At this point in cinematic history, it would seem a daunting task to tell an original story about the well-visited subject of the Holocaust. Yet, here we are: another awards season and another handful of Holocaust movies coming our way (plus one about Tom Cruise trying to kill Hitler that makes audiences laugh in previews -- maybe it's time to change the subject when even Hitler is losing cache as a viable bad guy). Yes, the Holocaust is the definite front-runner for “Great Tragedy of the 20th Century,” and yes, people can be monsters, especially a good number of Germans circa 1939, but really what else is new?
Paul Schrader's offering to this year's crop is Adam Resurrected, based on the 1968 novel by Israeli writer Yoram Kaniuk. Schrader is perhaps best known for his screenwriting collaborations with Martin Scorsese, though he has shown himself to be a capable director in his own right, particularly with his 1997 film Affliction. Although this is one of three films Schrader has directed but not written, the titular protagonist Adam Stein (Jeff Goldblum) is the type of character Schrader seems most comfortable with: the charismatic and emotionally disturbed individual. In the challenging role of Adam, Goldblum is most adept at delivering quips and the vaudevillian comedy the role entails. His German accent, however, is shaky at best, slipping between Jeff Goldblum doing a German accent and, well, Jeff Goldblum. And the decision to have him narrate in a superfluous voice-over only heightens the viewer's awareness of this throughout the film.
The film offers the potentially interesting conceit of being set primarily in the Siezling Institute, a fictional Israeli mental hospital for Holocaust survivors. Through intermittent flashbacks, we learn of Adam's life as a celebrated Weimar-era clown/magician and his time as a concentration camp prisoner forced to imitate a dog under the rule of Commandant Klein (Willem Dafoe). Meanwhile, in the Institute, Adam wanders through the halls of the hospital with seeming impunity, drinking, abusing, and charming patients and staff. His doctor (Derek Jacobi) takes a laissez-faire attitude towards his “illness” and his nurse (Ayelet Zurer) is too busy screwing him to enforce the regulations (given the hospital's unique nature, a disciplinarian approach might not seem the way to go, and there are a few obligatory comparisons of the bureaucratic hospital staff to the you-know-whos).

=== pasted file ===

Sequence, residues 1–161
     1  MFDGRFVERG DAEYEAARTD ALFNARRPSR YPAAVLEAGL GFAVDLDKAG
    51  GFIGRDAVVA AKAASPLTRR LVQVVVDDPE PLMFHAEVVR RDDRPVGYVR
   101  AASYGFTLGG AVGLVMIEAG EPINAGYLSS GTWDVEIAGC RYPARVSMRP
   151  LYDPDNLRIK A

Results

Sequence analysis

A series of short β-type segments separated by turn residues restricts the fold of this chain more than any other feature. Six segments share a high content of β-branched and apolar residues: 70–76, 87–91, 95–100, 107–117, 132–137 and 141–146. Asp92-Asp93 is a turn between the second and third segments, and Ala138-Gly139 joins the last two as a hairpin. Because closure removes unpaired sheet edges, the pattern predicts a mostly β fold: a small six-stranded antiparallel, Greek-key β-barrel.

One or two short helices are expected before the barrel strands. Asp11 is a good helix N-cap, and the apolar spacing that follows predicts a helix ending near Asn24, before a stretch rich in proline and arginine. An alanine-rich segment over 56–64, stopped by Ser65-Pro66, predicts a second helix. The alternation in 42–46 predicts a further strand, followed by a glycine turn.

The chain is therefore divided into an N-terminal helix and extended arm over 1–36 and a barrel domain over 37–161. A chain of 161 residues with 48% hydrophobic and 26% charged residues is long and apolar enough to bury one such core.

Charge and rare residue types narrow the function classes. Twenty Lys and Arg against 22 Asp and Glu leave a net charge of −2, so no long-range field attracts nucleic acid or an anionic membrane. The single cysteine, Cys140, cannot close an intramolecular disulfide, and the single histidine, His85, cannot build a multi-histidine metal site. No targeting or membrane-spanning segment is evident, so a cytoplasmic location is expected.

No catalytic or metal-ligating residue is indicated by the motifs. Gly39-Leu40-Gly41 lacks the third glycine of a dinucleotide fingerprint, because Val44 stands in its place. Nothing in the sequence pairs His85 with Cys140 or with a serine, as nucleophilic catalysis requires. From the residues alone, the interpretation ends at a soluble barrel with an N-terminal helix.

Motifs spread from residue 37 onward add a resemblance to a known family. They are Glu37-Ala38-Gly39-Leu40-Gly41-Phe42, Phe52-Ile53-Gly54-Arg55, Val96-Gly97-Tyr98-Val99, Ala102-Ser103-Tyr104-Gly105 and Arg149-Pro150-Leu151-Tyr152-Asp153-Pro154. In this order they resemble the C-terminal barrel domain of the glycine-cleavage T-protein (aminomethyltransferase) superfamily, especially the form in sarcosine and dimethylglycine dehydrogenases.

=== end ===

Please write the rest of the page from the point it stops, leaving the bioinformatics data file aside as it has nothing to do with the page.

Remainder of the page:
Adam seems doomed to a life of sardonic quips, parlor trickery, and nurse-screwing in the Institute, until his supernatural sense of smell (one of a set of psychic abilities) uncovers the presence of a dog. The dog is not actually a dog, but a boy raised to believe he is a dog (so much so that he emits a smell), in a one-off of Adam's imprisonment under the brutal Klein. Through empathizing with and curing this dog-boy, Adam eventually comes to terms with the demons of the Holocaust.
Critic Paul Fussell famously stated that irony was the most suitable way for art to deal with the horrors of war in the 20th century, and, at times, Schrader seems to channel this notion. There is a darkly humorous disconnect with the scope of the tragedy that emerges in the film's best moments, like when Commandant Klein gleefully dresses his German Shepherd in prisoner's clothes or when Adam remarks that the Nazis have “no sense of humor at all” and that “God is out to lunch” and “left a note on [their] arms.” At one point, Adam even delivers a lecture to patients on the value of humor in dealing with tragedy, and while this verges on brain-beatingly “meta”-message -- this is a movie as much about reenactment of tragedy as it is about tragedy -- it does show a certain self-awareness in this task.
Still, the overriding message is not one of irony. While there are times when it feels as though Schrader will break through our pre-conceived wall around this subject, he struggles to escape the standard treatment that Holocaust narratives so often produce. Rather than emphasizing irony as a way to recontexualize the horrors of the Holocaust, Schrader, in the end, sticks to the heavy-handed and predictable approach.